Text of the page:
Untitled Document
Taking a Closer Look at the Stories Ignored by the Corporate Media
Donate | Fair Use Notice | Who We Are | Contact

NEWS
All News
9-11
Corporatism
Disaster in New Orleans
Economics
Environment
Globalization
Government / The Elite
Human Rights
International Affairs
Iraq War
London Bombing
Media
Police State / Military
Science / Health
Voting Integrity
War on Terrorism
Miscellaneous

COMMENTARY
All Commentaries
9-11
CIA
Corporatism
Economics
Government / The Elite
Imperialism
Iraq War
Media
Police State / Military
Science / Health
Voting Integrity
War on Terrorism

SEARCH/ARCHIVES
Advanced Search
View the Archives

E-mail this Link   Printer Friendly

INTERNATIONAL AFFAIRS -
-

Leftist Chief Is Installed in Uruguay and Gets Busy on Agenda

Posted in the database on Wednesday, March 02nd, 2005 @ 21:07:41 MST (1393 views)
by Larry Rohter    New York Times  

Untitled Document MONTEVIDEO, Uruguay, March 1 - Culminating a long and divisive struggle, the left took power on Tuesday for the first time in the history of this small South American nation as Tabaré Vázquez, a 65-year-old physician, was sworn in as president.

Hundreds of thousands of people flocked to the streets here to celebrate the sharp break with the past, many carrying Uruguayan flags or banners of the triumphant Progressive Encounter/Broad Front/New Majority Coalition. Until Dr. Vázquez, a Socialist, won a narrow victory in balloting last October, two traditional parties that had become increasingly difficult to distinguish from each other had alternated in power for more than 150 years.

"We promised change, and we will make changes, starting with the government itself, in its attitudes and its actions," Dr. Vázquez said in a 25-minute inaugural address. He said he would emphasize economic and social policies, "especially to the benefit of those who need them to achieve a life with dignity."

As his first official action, Dr. Vázquez announced a sweeping "Social Emergency Plan" that contains food, health, job and housing components. The program, whose cost is estimated at $100 million, is to be aimed at the hundreds of thousands of Uruguayans who have fallen below the poverty line as a result of economic crises of recent years.

Dr. Vázquez's inauguration came exactly 20 years after the restoration of democratic civilian rule in Uruguay. From 1972 through early 1985, this nation sandwiched between Brazil and Argentina was ruled by a right-wing military dictatorship that killed, jailed, tortured or forced into exile thousands of Uruguayans in order to fight off what it described as a Communist threat.

In an act that was laden with symbolism and offered an example of the "political maturity" that visiting heads of state praised, it was Senator José Mújica who presided over the swearing-in ceremony in his role as the titular head of Congress. A founder of the Tupamaro guerrilla movement that sought to lead a socialism revolution here, Mr. Mújica was jailed for virtually the entire period of the military dictatorship and was also tortured.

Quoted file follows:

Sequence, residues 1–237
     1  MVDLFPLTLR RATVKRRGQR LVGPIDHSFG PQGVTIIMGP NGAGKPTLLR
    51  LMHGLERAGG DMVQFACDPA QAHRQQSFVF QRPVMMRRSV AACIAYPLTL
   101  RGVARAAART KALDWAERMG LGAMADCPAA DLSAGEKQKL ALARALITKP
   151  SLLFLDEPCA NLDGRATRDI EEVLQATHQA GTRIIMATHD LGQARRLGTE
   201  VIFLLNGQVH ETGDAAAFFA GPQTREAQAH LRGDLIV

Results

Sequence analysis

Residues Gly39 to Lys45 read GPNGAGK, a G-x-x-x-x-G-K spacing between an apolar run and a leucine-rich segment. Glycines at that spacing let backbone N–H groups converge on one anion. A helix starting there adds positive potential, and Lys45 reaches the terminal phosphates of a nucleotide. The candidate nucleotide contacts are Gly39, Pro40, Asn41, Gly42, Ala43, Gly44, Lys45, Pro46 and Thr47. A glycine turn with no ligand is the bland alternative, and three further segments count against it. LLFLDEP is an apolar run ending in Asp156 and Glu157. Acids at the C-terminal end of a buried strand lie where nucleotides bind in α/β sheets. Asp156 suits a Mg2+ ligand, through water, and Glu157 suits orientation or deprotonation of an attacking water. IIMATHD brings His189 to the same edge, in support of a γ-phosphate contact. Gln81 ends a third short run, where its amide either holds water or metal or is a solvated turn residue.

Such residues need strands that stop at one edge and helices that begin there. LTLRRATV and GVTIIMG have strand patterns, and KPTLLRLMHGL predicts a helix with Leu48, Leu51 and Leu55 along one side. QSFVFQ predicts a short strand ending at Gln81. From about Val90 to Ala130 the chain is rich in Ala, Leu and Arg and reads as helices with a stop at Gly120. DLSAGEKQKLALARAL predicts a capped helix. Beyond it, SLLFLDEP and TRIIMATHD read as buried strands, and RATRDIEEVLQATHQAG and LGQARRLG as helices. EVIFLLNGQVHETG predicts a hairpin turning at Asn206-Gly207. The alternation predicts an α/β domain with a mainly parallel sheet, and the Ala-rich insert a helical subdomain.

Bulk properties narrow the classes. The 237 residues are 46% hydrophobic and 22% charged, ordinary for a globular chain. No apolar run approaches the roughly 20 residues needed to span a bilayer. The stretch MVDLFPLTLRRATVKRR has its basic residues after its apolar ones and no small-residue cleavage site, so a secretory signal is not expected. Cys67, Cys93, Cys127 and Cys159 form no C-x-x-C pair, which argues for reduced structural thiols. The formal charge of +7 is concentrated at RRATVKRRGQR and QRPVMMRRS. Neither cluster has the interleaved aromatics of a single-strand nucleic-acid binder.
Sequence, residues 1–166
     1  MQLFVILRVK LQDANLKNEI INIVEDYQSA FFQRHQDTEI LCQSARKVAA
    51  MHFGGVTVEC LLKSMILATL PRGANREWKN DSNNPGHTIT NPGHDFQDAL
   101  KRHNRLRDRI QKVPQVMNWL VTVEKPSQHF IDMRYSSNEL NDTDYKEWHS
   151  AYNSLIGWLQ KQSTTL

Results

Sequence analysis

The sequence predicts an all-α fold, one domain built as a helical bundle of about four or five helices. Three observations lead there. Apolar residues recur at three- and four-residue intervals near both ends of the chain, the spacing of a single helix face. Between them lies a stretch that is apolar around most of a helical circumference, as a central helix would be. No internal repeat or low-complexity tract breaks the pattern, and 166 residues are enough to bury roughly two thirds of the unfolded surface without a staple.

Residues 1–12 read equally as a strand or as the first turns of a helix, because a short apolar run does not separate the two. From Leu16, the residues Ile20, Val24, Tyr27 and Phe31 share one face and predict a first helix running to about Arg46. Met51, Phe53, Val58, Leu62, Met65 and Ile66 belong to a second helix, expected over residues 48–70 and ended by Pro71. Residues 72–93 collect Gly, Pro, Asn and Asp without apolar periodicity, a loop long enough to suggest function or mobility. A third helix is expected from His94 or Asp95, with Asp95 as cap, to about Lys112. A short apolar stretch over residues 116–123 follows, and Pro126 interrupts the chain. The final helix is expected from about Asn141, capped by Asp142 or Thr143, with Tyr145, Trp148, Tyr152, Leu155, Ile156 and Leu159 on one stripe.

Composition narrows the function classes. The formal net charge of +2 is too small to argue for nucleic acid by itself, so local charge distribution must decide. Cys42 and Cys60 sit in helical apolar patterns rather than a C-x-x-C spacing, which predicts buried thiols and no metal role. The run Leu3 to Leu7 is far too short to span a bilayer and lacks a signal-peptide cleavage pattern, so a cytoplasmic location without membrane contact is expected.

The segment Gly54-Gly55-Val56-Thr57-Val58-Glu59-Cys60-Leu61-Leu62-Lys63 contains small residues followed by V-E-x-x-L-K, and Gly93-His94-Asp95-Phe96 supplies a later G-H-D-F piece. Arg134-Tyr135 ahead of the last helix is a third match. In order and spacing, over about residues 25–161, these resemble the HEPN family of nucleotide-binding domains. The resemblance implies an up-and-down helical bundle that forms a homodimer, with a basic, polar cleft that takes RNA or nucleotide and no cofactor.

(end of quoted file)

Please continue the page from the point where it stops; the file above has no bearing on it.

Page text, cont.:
Offering an aside from the dais, overcome with emotion, Mr. Mújica, now committed to the parliamentary democracy he once dismissed as "bourgeois," offered his "thanks to life for having reached here." Other aging leaders of the Uruguayan left were seated in the benches reserved for members of Congress, with their eyes glistening or wiping tears from their faces.

Dr. Vázquez alluded in his inaugural speech to the widespread abuses of that era, saying there are still "dark zones in the area of human rights" that his government intends to investigate. "For the good of all, it is possible and necessary to clarify" such issues, he said, so that "the horrors of past eras never happen again."

The new president's second act in office was to restore diplomatic relations with Cuba. Ties were broken in 2002 as a result of a dispute that began when Dr. Vázquez's predecessor, Jorge Batlle Ibáñez, suggested that human rights observers be sent to Cuba to document abuses there.

Fidel Castro had been expected to arrive here today to mark the resumption of relations with a series of rallies, speeches and other public appearances. But Dr. Vázquez said Monday that the Cuban president had decided not to come "for medical reasons," presumably related to injuries he suffered in a fall last year.

In his inaugural address, Dr. Vázquez vowed that Uruguay would adopt "an independent foreign policy," in contrast to the closer ties with the United States that Mr. Batlle had sought. He said his government condemned "all forms of terrorism," favored nonintervention and peaceful resolutions of conflicts, and would insist that international financial institutions recognize "the necessity and the right to development of Uruguayan society as a whole."

"We will tolerate no outside interference in our internal affairs," Dr. Vázquez said to thunderous applause.



Go to Original Article >>>

The views expressed herein are the writers' own and do not necessarily reflect those of Looking Glass News. Click the disclaimer link below for more information.
Email: editor@lookingglassnews.org.

E-mail this Link   Printer Friendly




Untitled Document
Disclaimer
Donate | Fair Use Notice | Who We Are | Contact
Copyright 2005 Looking Glass News.